About Exposure D

Exposure ‘D’ is a multiplier when converting wind velocity to wind pressure that represents coastal areas.  It’s used in many formulas in ASCE 7 for wind, a larger topic than covered here.  Non coastal areas have Exposure categories B and C.  Exposure D is a moving target from the coastline based on several factors, the height of the building in question being a major one. Below is a how to checklist.  Be sure to see our graphic attached for an easier visual representation.

1. CONFIRM SURFACE ROUGHNESS DISTANCE AND THE INITIATION POINT OF EXPOSURE D: The Initiation pPoint (Ip) of Exposure D occurs at the point on land where “Surface Roughness D” prevails in the upwind direction for a distance of 5000 feet minimum (Think: the runway for wind approaching the structure shall be at least a mile – 5,280ft to create an exposure D area or start / insertion point).



3. CONFIRM PRIMARY EXPOSURE D REGION: The primary Exposure D condition occurs (for all structures) from the Exposure D Initiation Point at the directly exposed coastline area (that mark that was at the end of the runway above), running inland for a distance of 600 feet (Dprimary = 600 FT) (Think: Any structure 600 ft from what we have determined creates exposure D).  AND


4. CONFIRM BUILDING-SPECIFIC EXPOSURE D REGION: A secondary Exposure D condition may occur based on the structure itself. To determine the building-specific Exposure D region, multiply the Mean Roof Height (MRH) of the structure by 20 (Dsecondary=MRH*20). Compare Dsecondary to the Sdist. (Think:  D can be greater than 600ft from this insertion point if the distance of the structure is less than or equal to the height of the structure * 20).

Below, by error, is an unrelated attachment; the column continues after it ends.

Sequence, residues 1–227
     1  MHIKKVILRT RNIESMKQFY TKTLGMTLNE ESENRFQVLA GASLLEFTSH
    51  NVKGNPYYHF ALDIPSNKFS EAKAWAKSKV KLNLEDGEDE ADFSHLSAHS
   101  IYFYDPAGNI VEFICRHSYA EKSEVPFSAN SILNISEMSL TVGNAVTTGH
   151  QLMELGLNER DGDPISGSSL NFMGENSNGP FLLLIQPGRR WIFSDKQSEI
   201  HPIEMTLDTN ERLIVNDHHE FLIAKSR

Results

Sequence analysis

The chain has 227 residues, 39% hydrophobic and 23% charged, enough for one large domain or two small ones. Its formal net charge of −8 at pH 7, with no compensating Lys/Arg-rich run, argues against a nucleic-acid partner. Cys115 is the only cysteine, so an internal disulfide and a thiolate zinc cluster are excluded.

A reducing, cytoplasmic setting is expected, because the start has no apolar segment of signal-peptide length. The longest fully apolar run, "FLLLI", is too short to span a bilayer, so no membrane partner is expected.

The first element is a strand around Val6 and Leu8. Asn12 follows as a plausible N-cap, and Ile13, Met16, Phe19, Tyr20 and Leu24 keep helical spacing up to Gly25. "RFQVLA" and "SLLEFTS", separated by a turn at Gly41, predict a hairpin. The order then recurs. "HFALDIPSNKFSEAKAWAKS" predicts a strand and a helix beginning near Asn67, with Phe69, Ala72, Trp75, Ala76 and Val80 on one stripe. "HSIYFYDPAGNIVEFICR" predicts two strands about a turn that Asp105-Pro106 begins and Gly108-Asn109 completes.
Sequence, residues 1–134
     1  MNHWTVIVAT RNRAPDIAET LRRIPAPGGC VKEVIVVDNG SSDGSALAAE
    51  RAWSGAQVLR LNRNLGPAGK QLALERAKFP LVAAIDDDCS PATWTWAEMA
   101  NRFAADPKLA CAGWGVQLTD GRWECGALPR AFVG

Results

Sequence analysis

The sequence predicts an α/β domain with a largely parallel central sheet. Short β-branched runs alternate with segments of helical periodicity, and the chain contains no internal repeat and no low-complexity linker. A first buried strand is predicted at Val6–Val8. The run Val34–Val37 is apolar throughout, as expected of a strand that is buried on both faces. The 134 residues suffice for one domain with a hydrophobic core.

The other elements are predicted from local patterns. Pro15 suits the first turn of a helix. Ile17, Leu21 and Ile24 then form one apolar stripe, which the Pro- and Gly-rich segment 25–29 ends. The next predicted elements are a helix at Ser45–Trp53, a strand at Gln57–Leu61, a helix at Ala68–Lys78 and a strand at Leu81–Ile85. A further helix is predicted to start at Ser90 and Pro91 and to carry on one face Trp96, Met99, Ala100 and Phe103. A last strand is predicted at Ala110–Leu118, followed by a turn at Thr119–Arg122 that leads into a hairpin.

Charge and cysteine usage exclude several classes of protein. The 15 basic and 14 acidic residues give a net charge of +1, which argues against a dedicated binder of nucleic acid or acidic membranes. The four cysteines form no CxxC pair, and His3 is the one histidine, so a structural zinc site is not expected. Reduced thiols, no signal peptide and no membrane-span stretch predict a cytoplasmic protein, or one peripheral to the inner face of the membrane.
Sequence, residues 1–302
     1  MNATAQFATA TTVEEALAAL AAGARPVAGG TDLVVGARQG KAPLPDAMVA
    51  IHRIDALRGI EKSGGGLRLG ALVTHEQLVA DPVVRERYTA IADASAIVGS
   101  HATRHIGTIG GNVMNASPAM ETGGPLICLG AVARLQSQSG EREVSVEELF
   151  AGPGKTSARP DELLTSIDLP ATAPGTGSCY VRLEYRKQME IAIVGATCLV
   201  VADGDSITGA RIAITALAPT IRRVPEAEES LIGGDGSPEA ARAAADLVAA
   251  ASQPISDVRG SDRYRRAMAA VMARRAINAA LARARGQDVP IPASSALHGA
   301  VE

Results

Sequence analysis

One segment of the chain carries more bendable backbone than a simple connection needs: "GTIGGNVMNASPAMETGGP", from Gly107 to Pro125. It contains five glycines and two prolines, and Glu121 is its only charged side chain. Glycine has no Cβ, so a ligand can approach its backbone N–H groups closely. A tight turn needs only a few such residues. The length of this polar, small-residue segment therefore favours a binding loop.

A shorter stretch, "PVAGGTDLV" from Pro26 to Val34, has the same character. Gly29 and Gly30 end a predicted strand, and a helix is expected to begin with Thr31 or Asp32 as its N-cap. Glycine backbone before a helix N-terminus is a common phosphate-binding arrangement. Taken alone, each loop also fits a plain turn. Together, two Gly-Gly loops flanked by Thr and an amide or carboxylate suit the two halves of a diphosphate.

IF (Sdist) < (Dsecondary) THEN EXPOSURE D APPLIES

Click for larger image of visual explanation of Exposure D

Other Exposure Categories:

(With excerpts from the ASCE 7-05 Commentary to help explain):


Exposure Category A

Exposure A was deleted. Previously, Exposure A was intended for heavily built-up city centers with tall buildings. However, the committee has concluded that in areas in close proximity to tall buildings the variability of the wind is too great, because of local channeling and wake buffeting effects, to allow a special category A to be defined. For projects where schedule and cost permit, in heavily built-up city centers, Method 3 is recommended because this will enable local channeling and wake-buffeting effects to be properly accounted for. For all other projects, Exposure B can be used.


Exposure Category B


Exposure B Example 3



Exposure B Example 2



Exposure B Example 1


Exposure Category C


Exposure C Example 2



Exposure C Example 1



Attachments -

Mar 7, 2016   29384    Codes & Standards    
Total 17 Votes:

Tell us how can we improve this post

+ = Verify Human or Spambot ?


  1. Thank you for your question. Typically, ASCE 7-10 will only be applicable for municipalities that have adopted IBC Codes from at least 2012 or newer. Therefore, exposure D is not technically applicable within a municipality that has adopted the 2006 or 2009 IBC Codes, although exposure C and B are adopted in those codes. Exposure is related mostly to the “upwind surface terrain” of the project site, so a marshland that is upland of the site would possibly be exposure C. On the other hand, if 5000 feet of upwind surface terrain exists as ocean water, that may be an exposure D condition.

  2. Would utilization of the ASCE Exposure ‘D’ changes be applicable if the municipality hasn’t adopted IRC/IBC beyond 2006 edition? Also, Is it just a height issue?…e.g. would a low-rise or mid-rise in Inland I, within marsh flats, be subject to this? If so, this just blew my project budget…

Leave a Reply